Opulence and Ostentation

building the circus

A new book by Steve Ward.

Release: May 31, 2023.

ISBN: 978-1-958604-02-1

244pp, 10×7″ paperback
MSRP: $25

Since the foundation of the ‘modern’ circus in the eighteenth century, the circus has been presented in defined spaces. Initially, performances were given in the open air and, over a period of time, these spaces first became enclosed and then later roofed. Temporary wooden structures often became semi-permanent until, in the nineteenth century, many permanent stone-built buildings were erected solely for the purpose of presenting circus. This phenomenon spread from the UK across Europe and beyond, creating a style of circus architecture that has never been repeated. The purpose of this book is to examine what caused these buildings to be constructed and their design and architecture. Examples of key structures will be explored in detail, some of them still surviving today and still being used for circus performances. The book will also look at the developments of contemporary circus architecture and raise questions as to the future of the circus building.

Grasping circus history demands exploration beyond the stereotypical image of the canvas big top. Steve Ward is to be commended for this much-needed sweep across countries and continents that reveals the scale and importance of circus buildings and introduces the showmen who built them.

– Charlie Holland, former Programme Director at London’s Circus Space (National Centre for Circus Arts)

Soundly grounded in facts rather than fantasies. Steve Ward is not only a genuine historian but also a passionate bard of the circus. I am sure this book will found a wide audience and that you will be thanked  for having brought it to light.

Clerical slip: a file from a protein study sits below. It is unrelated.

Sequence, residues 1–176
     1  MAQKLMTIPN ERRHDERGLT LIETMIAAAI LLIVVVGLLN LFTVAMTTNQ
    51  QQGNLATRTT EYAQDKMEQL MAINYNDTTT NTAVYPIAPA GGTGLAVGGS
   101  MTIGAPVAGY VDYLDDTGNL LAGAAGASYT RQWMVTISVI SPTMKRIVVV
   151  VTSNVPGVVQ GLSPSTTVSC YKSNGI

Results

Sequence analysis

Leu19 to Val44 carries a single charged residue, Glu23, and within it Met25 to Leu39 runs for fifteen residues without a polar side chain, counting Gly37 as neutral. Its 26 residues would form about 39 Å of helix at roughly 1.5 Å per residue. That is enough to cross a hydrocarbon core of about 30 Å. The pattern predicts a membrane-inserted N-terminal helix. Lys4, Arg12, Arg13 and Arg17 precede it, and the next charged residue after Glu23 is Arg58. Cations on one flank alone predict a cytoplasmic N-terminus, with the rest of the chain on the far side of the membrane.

– Paul Bouissac, Professor Emeritus at the University of Toronto

Ward does a sterling job of constructing the narrative links between his historical sources in an engaging way… the thread that Ward draws between the architectures of the past and the present – and particularly how building designs relate both to performance and audiencing practices – is an invaluable contribution to circus scholarship. (full review)

– Katharine Kavanagh, the Circus Diaries

[This book] celebrates the opulence and wealth of this approach to promoting the circus, examining how these structures contributed to the mystique and allure of the circus over the centuries… Libraries strong in circus topics or architectural explorations will find Opulence and Ostentation: building the circus is an opulent and potent examination indeed, juxtaposing complexity with a freestyle survey of the circus world that is not commonly accessible to general-interest audiences. (full review)

– D. Donovan, Senior Reviewer, Midwest Book Review

“even though these buildings were all created in different locations, they are all connected by a love for circus by the people in these places, and across these places how the meaning of circus possibly changes or stays the same” [full review]

-Thay Slitcher, AYCO HupSquad